Mancala World
Martian Mancala
Inventor: Dave Mattingley,
Variant of Dakon
Ranks: Two
Sowing: Multiple laps
Region: USA

Martian Mancala was invented in 2002 by Dave Mattingly, University of Scranton, Pennsylvania (USA). It is a clever Dakon variant, which is played with Icehouse pieces.


Icehouse Pieces

The game is played on a board (or facsimile thereof), which is composed of two rows of six small spaces each and a large space at each each called "mancala", which serves as a store. A player controls the row on his side of the board.

At the beginning, each small space has one full "nest" of Icehouse pieces (a small piece inside a medium piece inside a large piece). In Europe, where Icehouse pieces are not available, players can take any type of pyramids, which fit onto each other as the color is unimportant.


Initially each small space has a stash of 3 pyramids.

On his turn, a player distributes (or "sows") the contents of one of his spaces counterclockwise. The topmost pyramid is moved first, as far as its pip-value (a large piece would move three spaces, a medium piece two, etc.), and is placed on top of any counter currently located in the destination square. Then the next pyramid is moved likewise, but its destination is counted starting from the space where the last counter was placed. The turn ends when all pyramids of the original space have been moved.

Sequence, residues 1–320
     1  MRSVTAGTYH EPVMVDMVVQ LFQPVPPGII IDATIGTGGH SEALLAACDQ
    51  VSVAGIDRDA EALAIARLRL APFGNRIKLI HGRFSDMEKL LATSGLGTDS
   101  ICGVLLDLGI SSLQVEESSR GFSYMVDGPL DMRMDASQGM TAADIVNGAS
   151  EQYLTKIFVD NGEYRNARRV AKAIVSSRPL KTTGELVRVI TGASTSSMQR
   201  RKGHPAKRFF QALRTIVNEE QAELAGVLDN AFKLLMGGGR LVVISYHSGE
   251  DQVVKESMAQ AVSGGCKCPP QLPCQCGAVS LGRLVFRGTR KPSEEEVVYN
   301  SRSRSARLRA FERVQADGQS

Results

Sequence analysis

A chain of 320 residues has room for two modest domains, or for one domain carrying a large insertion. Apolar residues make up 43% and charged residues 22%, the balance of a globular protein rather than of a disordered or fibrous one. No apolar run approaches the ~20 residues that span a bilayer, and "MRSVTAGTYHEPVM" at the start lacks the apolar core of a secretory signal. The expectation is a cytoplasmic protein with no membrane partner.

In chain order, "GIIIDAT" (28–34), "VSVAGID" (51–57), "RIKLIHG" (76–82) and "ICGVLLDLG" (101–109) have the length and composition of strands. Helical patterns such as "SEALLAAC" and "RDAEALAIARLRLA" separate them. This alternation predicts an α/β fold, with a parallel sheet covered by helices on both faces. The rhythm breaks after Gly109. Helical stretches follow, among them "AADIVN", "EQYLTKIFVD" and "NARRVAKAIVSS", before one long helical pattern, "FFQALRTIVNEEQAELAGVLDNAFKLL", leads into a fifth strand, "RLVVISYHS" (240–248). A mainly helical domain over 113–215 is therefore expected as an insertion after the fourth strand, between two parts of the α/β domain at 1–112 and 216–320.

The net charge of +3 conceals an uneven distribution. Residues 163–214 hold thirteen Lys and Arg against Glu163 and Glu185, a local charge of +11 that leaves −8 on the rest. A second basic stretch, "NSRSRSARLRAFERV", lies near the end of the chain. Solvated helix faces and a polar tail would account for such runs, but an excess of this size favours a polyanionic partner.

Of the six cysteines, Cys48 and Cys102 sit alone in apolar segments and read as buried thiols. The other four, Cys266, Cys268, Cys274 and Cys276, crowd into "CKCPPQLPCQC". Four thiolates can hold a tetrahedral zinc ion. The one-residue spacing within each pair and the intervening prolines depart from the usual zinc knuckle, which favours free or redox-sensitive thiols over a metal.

The pyramids are also sown into both mancalas. If a counter is moved once around the board into the original space, it becomes the bottom of a new stack there, but it is not moved again in the ongoing turn.

If the last pyramid falls on an occupied space (not a mancala), the player sows its contents in another lap.

If the last counter is dropped into the player's own mancala, he gets a bonus move.

If the last pyramid is placed in an empty space (not the player's own mancala), or in the opponent's mancala, the turn ends.

The game ends when, at the end of a turn, one player's small spaces are completely empty.

The player who has the greater worth of counters in his mancala wins. A large pyramid counts 3 points, a medium-sized 2 points and a small one 1 point.


  • Martian Mancala can be generalized to larger boards such as 2x8 and more counters (e.g. stacks of four pyramids), thus making the game even more challenging. The game could also be played with stackable chips, which have their pip value printed on them as numbers.
  • The counters that are left on the board at the end of the game are won by the player who moved last.

External Links


Mattingley, D.
Martian Mancala. July 23, 2007. [Former Web Site]


Adapted from the Wikinfo article, "Martian Mancala", used under the GNU Free Documentation License.